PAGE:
In any case, I heard the crowd singing “God Save the Queen” (which we have sung my whole life, starting in kindergarten). Then the song in the crowd changed to “God Save the King,” and I was reminded how there can be no break in the line from one monarch to another, regardless of any will to mourn. Charles was assuming his rightful place in line to the throne and his son William then assumed Charles’ former title of “Prince of Wales.”
After Princess Diana died so young and in such a shocking way, I remember hearing mumbles that the monarchy might be becoming a thing of a past, increasingly just a figurehead for the country, a backdrop to present its amazing history to the world at large, little more than a draw for tourists. But I think the Queen left things just as she would have wanted for everything to carry on in its appropriate way and for generations to come.
The images of her grandsons William and Harry walking out together, wearing black, greeting the mourners and chatting like brothers should reminded me of the importance of mending bridges and looking at the larger picture. The Queen would have loved that image more than most, I think, and perhaps she even orchestrated it from her position on horseback from St. Elsewhere with generations of her beloved corgis by her side. Their father would need their support now more than ever and, as established young men in their own right, they needed to step up and make it happen.
I shall be traveling to England in the coming days and I’m sure the weight of the grieving mourners will be visible at every turn of the street. My father tells me the country is going dark the day of her funeral, Monday, Sept. 19 — almost like a holiday, but not — and people will be turning out for the funeral march, no doubt lined deep from London to Balmoral. He noted that even the pubs would be closed that day!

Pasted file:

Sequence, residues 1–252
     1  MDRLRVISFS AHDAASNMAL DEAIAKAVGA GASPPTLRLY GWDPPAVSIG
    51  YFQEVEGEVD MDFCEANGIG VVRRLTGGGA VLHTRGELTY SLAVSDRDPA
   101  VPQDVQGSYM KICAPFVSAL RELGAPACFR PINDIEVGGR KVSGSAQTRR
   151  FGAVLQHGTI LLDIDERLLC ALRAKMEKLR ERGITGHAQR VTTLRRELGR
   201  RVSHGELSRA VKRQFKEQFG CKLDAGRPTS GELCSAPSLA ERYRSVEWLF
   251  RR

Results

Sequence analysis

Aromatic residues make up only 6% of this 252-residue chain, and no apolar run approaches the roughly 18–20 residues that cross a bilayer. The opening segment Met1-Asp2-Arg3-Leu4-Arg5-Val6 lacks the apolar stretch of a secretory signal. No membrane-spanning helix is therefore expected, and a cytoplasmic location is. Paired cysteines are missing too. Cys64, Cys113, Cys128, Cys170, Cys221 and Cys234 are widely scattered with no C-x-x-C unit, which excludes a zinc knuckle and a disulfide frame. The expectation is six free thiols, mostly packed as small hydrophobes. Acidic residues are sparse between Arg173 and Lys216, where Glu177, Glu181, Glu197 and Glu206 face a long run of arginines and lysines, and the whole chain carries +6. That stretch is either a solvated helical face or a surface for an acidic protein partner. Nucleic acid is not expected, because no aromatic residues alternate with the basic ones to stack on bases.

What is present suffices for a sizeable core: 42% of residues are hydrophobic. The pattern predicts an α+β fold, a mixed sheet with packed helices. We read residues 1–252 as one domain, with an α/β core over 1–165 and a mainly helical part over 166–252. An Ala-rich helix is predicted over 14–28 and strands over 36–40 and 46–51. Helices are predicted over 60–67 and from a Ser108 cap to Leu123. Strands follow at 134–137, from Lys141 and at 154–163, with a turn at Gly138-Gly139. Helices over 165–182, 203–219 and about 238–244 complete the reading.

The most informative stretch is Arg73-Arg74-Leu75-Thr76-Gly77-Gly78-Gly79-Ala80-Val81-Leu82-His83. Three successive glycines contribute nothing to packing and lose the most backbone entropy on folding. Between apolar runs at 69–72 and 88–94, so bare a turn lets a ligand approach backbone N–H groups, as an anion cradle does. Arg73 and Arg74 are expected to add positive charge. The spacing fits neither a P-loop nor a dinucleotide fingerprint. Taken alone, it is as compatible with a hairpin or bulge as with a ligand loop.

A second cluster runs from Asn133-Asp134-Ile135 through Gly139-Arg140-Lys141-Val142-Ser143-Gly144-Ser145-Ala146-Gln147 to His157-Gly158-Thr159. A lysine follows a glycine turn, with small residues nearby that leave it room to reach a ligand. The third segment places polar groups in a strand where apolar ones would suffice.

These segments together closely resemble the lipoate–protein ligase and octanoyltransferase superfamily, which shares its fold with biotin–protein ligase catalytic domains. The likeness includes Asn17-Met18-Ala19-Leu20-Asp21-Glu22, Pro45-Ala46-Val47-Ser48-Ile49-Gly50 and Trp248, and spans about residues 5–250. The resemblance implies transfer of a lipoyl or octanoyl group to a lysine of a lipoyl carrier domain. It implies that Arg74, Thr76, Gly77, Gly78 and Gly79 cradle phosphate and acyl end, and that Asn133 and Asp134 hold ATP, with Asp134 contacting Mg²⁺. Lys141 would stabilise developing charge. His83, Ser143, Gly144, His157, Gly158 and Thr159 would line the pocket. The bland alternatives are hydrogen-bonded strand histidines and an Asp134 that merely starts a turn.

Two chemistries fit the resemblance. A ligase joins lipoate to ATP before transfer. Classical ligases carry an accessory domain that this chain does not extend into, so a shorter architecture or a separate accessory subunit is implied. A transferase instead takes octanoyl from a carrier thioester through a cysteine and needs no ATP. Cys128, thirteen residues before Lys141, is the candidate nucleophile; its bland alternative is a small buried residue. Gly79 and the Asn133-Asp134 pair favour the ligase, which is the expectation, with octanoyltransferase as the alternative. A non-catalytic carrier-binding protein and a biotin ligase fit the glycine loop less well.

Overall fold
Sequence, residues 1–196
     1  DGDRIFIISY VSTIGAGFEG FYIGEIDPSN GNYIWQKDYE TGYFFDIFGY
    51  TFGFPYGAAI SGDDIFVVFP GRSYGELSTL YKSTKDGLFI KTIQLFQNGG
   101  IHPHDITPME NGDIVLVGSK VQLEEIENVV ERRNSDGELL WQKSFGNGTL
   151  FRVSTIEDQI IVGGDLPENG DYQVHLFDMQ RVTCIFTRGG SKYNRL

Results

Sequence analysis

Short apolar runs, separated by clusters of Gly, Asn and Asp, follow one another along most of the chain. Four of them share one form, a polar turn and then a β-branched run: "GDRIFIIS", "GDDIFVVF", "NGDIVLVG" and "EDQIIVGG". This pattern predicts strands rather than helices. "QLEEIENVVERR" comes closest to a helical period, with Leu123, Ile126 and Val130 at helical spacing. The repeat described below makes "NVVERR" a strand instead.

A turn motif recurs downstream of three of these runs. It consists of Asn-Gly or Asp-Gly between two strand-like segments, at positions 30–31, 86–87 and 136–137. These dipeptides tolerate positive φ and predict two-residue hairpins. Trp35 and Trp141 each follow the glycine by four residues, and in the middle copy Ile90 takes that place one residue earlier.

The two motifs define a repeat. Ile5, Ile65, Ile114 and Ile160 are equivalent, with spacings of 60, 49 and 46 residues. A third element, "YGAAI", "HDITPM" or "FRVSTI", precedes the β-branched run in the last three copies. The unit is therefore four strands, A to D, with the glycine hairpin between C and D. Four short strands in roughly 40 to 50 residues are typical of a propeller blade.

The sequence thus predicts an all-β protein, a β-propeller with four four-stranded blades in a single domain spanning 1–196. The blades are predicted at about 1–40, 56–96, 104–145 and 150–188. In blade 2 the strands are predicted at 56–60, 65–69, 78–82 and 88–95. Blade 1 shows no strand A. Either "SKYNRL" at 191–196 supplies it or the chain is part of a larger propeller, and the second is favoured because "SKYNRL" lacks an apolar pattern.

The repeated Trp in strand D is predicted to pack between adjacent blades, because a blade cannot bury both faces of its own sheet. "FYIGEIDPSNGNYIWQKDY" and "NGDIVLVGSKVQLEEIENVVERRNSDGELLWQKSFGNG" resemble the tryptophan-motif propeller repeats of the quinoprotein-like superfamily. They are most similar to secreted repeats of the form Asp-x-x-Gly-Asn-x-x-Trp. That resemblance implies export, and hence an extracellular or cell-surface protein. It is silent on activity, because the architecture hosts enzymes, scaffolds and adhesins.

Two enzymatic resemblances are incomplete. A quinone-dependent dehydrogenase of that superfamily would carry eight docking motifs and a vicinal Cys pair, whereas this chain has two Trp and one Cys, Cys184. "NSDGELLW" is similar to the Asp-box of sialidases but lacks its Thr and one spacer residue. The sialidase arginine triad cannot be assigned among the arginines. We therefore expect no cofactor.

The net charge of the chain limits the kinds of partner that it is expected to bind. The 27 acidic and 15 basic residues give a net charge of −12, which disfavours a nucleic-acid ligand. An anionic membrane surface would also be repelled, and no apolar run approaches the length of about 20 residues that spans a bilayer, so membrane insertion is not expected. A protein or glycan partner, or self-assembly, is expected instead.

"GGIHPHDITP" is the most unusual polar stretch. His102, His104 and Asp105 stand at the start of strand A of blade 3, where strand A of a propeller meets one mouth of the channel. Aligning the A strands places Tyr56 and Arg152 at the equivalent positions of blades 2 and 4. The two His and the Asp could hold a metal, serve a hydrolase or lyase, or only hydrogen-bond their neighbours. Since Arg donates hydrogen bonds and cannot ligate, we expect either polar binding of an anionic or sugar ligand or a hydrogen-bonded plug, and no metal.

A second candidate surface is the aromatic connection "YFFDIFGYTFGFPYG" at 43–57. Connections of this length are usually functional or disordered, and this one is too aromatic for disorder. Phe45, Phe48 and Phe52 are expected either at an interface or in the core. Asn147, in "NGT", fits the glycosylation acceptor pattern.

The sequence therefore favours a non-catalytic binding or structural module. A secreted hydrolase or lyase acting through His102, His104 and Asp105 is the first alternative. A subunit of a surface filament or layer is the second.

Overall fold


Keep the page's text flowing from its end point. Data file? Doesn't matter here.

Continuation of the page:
The people will also be able to pay respects to her in Westminster Hall, London, prior to the funeral from Sept. 14 until the 19th, which I know will inspire amazing lines of people, or queues, as the English would say. I shall not be in London on those days, but I will watch the ceremony on television and, no doubt, be impressed, once again, by the exceptional talents of pomp and circumstance from my native country and how they will very likely do Queen Elizabeth proud on the days the country says their farewell to her.
On the day of her funeral, members of her family will walk behind her coffin, reminiscent of the walk behind Diana years ago. Eventually the state hearse procession will travel to Windsor Castle, where she will be finally interred beside her beloved Philip.
I’m glad I will be in England for a few days after her funeral. It will be almost like saying goodbye to my grandmother. I’m glad also that the Queen passed quickly under her own terms and in a place she loved, having efficiently seen to the business of the country (accepting the new Prime Minister to office), and not dawdling too long after her incredible 70 year-on-the-throne celebration.
We shall always remember the twinkle in her eyes and her love of a marmalade sandwich. And her long and wonderful life well-lived.